Live from New Orleans, It's Saturday Night

by Laraine Newman
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french-quarter.jpgI was excited. As the limousine was speeding along the freeway that lead into the city of New Orleans, it occurred to me that for the first time in my life, I was in ‘the south’. That represented so many things to me, but I was determined to focus less on the “They call me Mr.Tibbs” of it all and more on the bodice tearing romance of The Vampire Lestat.

My hotel was nothing less than gothic. So old, that there was no elevator, the doorframes were small and the stairways were warped, no doubt from years of flooding. That’s not to say it was decrepit. It was grand. My room was huge. It was the corner of the entire building. Wood paneling everywhere and heavy red velvet drapes adorned the 4 sets of double doors that spanned the front and far wall. The room faced the street and there was a wrought iron balcony that wrapped around it.

My bathroom had a sunken tub.  Franken and Davis’ room was next to mine and the door that would have separated us was too warped to close. Ahem. Much has been written about this time. One of the more memorable things for me was when Danny (Aykroyd), John (Belushi), John Head, Michael O’Donoghue, Anne Beatts and me were all crammed into a car headed out to a blues club we’d heard about.  It turned out to be reggae. We left.

policelights2.jpgOn our way back, as we were going down a one way street, a pair of headlights were coming toward us. Not only that, it quickly became apparent that it was a police car.  All of us were, um ‘holding’. An old fashioned term for ‘possession' of you name it. I will attempt to recreate the conversation in the car. I won’t ascribe who said what because I don’t want to incriminate anyone.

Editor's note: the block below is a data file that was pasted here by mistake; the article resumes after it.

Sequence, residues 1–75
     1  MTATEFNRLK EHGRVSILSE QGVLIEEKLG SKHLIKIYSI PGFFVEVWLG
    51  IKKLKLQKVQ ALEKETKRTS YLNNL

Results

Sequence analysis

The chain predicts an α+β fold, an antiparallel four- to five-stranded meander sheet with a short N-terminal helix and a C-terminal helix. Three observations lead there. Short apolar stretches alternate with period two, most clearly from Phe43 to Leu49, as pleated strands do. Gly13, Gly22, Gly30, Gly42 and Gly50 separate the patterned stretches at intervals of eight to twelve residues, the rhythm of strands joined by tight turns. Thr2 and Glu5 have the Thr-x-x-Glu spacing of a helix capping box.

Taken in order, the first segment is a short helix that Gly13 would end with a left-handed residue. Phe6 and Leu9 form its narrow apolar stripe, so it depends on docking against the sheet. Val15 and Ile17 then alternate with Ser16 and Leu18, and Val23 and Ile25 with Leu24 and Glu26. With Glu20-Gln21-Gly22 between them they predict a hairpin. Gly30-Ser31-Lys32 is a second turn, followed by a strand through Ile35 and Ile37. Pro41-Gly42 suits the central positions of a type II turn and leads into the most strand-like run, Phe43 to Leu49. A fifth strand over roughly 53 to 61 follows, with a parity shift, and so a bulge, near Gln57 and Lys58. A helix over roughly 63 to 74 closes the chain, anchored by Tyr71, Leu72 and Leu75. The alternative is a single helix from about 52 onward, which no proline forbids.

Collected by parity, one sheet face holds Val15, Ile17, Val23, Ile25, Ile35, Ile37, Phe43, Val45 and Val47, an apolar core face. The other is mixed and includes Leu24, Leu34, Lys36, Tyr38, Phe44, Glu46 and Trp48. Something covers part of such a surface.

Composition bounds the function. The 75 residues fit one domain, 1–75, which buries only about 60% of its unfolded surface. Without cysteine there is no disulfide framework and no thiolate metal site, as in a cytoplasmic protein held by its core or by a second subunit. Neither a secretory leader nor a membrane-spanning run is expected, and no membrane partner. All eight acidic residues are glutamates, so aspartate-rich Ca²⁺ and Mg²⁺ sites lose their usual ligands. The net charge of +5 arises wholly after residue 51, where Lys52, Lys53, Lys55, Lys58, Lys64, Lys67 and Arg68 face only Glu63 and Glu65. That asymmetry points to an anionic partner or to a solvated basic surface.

The panic in the car, the frantic, but hushed through gritted teeth exclamations of “Oh, shit! I’ve got a gram of coke!” “Get rid of it!”  “No! If they see it being dumped out of the car, we’ll look even more guilty!” “Oh Jesus, I’m going to jail.”  “I can see the headlines! What a fucking cliché! Late night TV stars busted for drugs!”  “Oh, man they’re waving for us to back up!!”

We dutifully did so.  John Head, who was driving, rolled down the window to speak to the officer who was hitching his gun belt as he approached our car.

The office leaned one arm on the car door as he peered inside. 

“Yeah, you folks know that was a one way street, right?” he drawled.

“No, officer, I’m afraid we didn’t. We’re from out of town, you see.”  John is English and I was hoping his cultured, mild tone would inspire confidence and convey the utterly pristine nature of our character.

The officer laughed in a good natured way. I’m not sure he knew who we were.

mardigrasfloatr.jpg“It’s alright folks. You might want to back up though. We’re escorting the floats”

We looked behind him and in the mist of the night, the ghostly form of a Spanish Lady about 16 feet high, holding a rose in her teeth was about all we could make out. I don’t know who was high on what that night, but there is something about New Orleans that blurs all boundaries of time. A culture that has maintained more than any other state, palpable vestiges of its French colonial status. Infused with the African culture and how Jazz was borne of that, it is SO unlike any place on earth. And of course, any place that has a traditional celebration of this nature, experiences a communal state of mind. An abandon of inhibitions and a willingness to let the tide take you along.

This ghostly procession of floats, gliding through the fog of night, was our own Bizzaro World version of the Mardi Gras Parade. A private screening. No drunken crowds to negotiate, no constant pelting of necklaces. It was a sort of backstage pass we could never have imagined. It wasn’t even a perk of fame, but a happy accident.


Laraine Newman is a founding member of The Groundlings Theatre Company and an original cast member of Saturday Night Live.  She lives in her hometown of Los Angeles with her husband and two daughters.   

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